The GLOBE Program
GLOBE (Global Learning and Observations to Benefit the Environment) is an international science and education program that connects a network of students, teachers and scientists from around the world to better understand, sustain and improve Earth’s environment at local, regional and global scales. GLOBE engages students in hands-on learning through scientific measurement protocols and supporting learning activities. GLOBE teachers guide their students through investigations of their local environment from asking questions and making observations, data collection, entry and analysis, and sharing of research with peers.
The GLOBE Program offers teachers and students much more than scientific procedures: staff educators and scientists have developed climate education materials (such as the From Weather to Climate Learning Activity, which guides students to an understanding of the difference between weather and climate); worked with NASA and NOAA scientists and educators to develop Earth system science materials (such as an Earth System Science Poster), with science teams to develop large-scale projects (such as the Earth System Science Projects).
Since the Program launched on Earth Day 1995, GLOBE students from over 100 countries have contributed more than 100 million environmental data in the areas of Atmosphere, Hydrology, Land Cover/Biology, Phenology, and Soil. These data are used by both students and scientists in scientific research. The GLOBE Program is sponsored by NASA and NSF and supported by NOAA and the U.S. Department of State. The GLOBE Implementation Office is currently managed by UCAR, in Boulder, Colorado.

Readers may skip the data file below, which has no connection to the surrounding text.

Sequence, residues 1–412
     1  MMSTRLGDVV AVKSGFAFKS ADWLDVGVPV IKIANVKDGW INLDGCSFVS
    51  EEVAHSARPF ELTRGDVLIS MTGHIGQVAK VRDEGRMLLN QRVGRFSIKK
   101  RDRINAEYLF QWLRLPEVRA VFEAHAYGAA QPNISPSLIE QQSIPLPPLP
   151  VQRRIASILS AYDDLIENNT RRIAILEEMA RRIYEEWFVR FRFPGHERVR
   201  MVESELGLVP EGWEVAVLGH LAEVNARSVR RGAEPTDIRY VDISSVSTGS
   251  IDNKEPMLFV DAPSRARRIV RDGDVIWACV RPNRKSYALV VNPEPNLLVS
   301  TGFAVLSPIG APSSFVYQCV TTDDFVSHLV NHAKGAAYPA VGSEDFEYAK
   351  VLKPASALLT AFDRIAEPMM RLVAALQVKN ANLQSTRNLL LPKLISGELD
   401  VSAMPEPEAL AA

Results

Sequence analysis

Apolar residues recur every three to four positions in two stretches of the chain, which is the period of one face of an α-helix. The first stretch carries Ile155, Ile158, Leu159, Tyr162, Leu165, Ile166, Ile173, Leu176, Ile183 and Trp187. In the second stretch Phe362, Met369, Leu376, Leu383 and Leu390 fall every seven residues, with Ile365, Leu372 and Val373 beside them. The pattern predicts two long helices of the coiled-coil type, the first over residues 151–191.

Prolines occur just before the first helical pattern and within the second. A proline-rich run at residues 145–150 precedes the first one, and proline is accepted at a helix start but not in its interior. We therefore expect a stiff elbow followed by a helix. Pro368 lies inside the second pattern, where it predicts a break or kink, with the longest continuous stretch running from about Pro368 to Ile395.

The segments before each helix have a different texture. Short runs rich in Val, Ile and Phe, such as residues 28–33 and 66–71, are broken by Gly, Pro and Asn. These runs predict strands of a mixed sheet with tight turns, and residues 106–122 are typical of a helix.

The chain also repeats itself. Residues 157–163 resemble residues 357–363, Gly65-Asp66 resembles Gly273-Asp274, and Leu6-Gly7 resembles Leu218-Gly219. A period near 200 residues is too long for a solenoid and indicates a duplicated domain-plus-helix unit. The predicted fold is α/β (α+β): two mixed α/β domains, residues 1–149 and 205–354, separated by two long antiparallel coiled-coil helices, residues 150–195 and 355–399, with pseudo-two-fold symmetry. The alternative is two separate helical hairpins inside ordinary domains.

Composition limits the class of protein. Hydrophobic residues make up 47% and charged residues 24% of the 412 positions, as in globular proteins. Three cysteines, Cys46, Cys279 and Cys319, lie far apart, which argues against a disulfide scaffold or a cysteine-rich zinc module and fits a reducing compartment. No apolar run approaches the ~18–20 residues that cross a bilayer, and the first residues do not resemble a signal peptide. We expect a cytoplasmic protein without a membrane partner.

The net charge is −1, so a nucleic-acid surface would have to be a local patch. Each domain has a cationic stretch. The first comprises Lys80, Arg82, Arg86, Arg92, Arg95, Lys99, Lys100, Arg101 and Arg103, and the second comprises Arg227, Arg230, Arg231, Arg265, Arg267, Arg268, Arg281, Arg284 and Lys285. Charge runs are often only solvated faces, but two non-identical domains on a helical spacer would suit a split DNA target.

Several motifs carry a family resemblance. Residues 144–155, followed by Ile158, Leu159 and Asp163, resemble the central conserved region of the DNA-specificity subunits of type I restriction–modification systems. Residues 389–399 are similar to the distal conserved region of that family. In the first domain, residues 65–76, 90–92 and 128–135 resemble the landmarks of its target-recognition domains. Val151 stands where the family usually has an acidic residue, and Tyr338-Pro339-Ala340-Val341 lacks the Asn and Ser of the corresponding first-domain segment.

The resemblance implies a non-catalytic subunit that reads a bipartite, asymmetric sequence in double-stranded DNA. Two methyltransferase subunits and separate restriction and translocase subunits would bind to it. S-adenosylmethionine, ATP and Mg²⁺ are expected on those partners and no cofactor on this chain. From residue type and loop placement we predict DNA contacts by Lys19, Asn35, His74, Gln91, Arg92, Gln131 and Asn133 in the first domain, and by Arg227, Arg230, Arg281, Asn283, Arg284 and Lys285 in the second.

Interesting Project: The GLOBE Program offers students the opportunity to connect to satellite missions (such as CloudSat, CALIPSO, GPM, and SMAP). In many instances student in situ data are used in calibration/validation analysis of instruments onboard these satellites. GLOBE has incorporated satellites and remote sensing into its offerings since the beginning; initially, students mapped their local area in comparison with Landsat images. GLOBE students have also provided data for calibration of the MODIS instrument onboard the TERRA satellite.
Reasons for participating in ESIP: The GLOBE Program’s focus is on students gaining a better understanding of Earth through data collection and analysis. Besides locally-collected student data, teachers and students can greatly benefit from access to global datasets on a large scale. ESIP member institutions can not only provide a wide range of datasets, but can also provide an array of visualization and analysis tools to pique the curiosity of young minds. It is through the exploration of Earth through these data that leaders of tomorrow can envision themselves as stewards of their environment.
ESIP Type: Type 3
Voting Rep: Gary Randolph